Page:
Librandi Magno Megonio 2018
Pair this wine with grilled steaks, demi-glaces, risotto with mushrooms, and truffles.
The Librandi winery is a modern enterprise founded in 1950 by Antonio and Nicodemo Librandi. Nowadays, the winery is run by Nicodemo, his two sons Paolo and Raffaele, his nephew Francesco and his niece Teresa. To this day, they remain faithful to the principles that inspired their forefathers: a great wine requires love and dedication to the land and its history. Librandi is located in Cirò Marina, a small town in the southern Italian region of Calabria (Italy’s boot tip), on the splendid Ionian coastline. The soil in this area is naturally suited for grape growing, and the geographic position, located between the sea and the Sila Mountains, guarantees an excellent balance between day and nighttime temperatures. All Librandi wines and olive oils are made exclusively from estate-grown grapes and olives. The Librandi family owns a total of 890 acres, 573 of which are vineyards, 247 are olive groves, and the remainding acres are dedicated to the forest. The vineyards are planted with both local varietals (Gaglioppo, Magliocco and Mantonico) and international varietals. Librandi also runs an experimental vineyard with ancient local varietals.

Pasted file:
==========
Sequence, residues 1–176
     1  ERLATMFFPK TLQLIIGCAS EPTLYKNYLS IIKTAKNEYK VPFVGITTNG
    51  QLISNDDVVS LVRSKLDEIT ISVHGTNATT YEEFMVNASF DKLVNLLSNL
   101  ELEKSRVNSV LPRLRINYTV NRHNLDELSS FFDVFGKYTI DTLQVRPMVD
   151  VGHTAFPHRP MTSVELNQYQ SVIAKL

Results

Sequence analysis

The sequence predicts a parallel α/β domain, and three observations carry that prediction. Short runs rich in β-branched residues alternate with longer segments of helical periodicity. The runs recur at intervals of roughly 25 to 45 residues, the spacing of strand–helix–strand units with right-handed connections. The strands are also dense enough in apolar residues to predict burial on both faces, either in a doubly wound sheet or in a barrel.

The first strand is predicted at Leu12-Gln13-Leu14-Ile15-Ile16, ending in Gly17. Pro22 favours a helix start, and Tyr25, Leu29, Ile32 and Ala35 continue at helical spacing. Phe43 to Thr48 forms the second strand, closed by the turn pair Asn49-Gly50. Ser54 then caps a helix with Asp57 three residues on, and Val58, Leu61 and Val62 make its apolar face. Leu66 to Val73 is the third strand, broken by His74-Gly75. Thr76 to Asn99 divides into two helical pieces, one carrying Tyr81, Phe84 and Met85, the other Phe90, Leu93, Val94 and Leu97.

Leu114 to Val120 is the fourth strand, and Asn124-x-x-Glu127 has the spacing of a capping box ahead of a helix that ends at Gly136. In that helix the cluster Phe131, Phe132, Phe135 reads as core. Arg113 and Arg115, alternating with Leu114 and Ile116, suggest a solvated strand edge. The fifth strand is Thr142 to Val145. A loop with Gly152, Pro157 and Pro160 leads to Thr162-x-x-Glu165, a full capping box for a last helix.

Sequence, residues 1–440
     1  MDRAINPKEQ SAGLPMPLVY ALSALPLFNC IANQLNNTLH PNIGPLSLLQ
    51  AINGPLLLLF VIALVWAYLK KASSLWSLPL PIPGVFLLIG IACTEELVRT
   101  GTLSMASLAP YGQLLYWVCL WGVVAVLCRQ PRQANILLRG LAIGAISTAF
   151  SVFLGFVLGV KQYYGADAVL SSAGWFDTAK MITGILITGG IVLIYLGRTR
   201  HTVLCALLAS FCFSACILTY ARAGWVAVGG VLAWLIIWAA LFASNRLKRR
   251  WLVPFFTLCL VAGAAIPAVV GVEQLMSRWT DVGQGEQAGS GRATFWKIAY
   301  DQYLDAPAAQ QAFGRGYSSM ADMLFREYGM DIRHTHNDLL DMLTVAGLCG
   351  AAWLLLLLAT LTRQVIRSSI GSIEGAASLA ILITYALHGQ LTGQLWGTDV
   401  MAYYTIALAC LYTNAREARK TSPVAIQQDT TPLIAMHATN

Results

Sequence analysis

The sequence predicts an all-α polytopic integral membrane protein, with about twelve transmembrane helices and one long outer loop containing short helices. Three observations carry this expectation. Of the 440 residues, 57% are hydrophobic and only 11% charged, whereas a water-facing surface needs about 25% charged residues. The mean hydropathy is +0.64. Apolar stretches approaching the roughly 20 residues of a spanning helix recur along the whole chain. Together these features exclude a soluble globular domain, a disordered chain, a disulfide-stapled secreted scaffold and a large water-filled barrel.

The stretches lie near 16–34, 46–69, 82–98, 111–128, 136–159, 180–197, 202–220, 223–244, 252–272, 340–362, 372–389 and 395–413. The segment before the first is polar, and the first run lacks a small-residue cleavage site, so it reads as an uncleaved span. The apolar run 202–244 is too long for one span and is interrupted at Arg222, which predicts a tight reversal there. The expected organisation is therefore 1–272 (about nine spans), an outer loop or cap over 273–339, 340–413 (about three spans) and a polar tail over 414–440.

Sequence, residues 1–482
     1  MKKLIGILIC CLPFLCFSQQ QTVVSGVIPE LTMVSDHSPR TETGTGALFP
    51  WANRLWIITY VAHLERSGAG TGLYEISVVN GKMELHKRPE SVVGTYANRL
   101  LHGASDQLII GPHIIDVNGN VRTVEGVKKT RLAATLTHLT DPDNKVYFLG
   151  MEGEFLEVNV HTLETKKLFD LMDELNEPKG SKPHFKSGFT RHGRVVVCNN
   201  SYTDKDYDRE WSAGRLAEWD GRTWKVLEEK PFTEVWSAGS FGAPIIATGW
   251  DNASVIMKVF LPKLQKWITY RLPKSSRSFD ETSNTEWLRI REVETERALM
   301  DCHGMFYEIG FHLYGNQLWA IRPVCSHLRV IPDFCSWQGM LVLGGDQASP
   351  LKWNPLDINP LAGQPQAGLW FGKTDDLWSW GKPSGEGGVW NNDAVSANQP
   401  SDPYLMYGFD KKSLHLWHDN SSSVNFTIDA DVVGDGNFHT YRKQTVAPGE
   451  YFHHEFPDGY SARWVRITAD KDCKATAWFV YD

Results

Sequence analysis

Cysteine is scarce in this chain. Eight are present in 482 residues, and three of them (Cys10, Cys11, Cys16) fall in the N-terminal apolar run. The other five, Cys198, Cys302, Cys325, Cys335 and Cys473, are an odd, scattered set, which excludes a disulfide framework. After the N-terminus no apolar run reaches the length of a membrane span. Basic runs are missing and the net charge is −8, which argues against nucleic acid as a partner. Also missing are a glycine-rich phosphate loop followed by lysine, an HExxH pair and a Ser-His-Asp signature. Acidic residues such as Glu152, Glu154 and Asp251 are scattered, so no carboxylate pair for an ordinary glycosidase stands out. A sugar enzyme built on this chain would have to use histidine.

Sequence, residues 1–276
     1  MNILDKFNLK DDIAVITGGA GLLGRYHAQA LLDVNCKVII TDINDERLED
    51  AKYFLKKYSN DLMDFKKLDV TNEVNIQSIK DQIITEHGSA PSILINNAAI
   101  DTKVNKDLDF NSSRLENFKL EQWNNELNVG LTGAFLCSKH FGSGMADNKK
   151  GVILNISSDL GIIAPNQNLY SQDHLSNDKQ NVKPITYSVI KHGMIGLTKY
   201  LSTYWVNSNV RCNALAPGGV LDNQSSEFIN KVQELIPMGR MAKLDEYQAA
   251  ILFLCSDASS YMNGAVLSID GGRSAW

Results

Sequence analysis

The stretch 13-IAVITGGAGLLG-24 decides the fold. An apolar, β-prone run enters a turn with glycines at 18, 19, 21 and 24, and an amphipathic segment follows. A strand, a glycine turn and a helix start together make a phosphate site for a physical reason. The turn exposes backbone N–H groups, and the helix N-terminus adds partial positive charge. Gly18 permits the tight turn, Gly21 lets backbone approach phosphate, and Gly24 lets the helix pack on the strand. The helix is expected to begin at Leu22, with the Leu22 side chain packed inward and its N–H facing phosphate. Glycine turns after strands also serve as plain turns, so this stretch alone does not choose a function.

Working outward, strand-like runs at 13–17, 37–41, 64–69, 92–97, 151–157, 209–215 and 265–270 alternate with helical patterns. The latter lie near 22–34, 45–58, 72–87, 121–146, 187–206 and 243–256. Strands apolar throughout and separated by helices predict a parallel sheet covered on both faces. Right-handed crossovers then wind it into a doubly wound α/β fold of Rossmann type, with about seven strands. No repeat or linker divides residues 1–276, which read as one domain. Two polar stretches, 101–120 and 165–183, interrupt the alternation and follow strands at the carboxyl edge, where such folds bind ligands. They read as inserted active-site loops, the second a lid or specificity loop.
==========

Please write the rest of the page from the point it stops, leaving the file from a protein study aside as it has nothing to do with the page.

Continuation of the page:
As the toe of Italy’s boot and closer in proximity to Sicily than any other mainland Italian region, Calabria holds much much in common with the island by way of climate, landscape and agriculture. Calabria’s principal red grape, Gaglioppo, is also a close relative of Sicily’s famous Nerello Mascalese.
Cirò, Calabria’s most valuable appellation, covers gently sloped hills on the Ionian Sea coast. Its wines are based on the indigenous red, Gaglioppo, and can be made as single varietal wines or blended with Cabernet or Merlot. Also of interest from Calabria is the red Maglioppo, likely a relative of Sangiovese. Whites here are made of Greco.
Beyond the usual suspects, there are hundreds of red grape varieties grown throughout the world. Some are indigenous specialties capable of producing excellent single varietal wines, while others are better suited for use as blending grapes. Each has its own distinct viticultural characteristics, as well as aroma and flavor profiles, offering much to be discovered by the curious wine lover. In particular, Portugal and Italy are known for having a multitude of unique varieties but they can really be found in any region.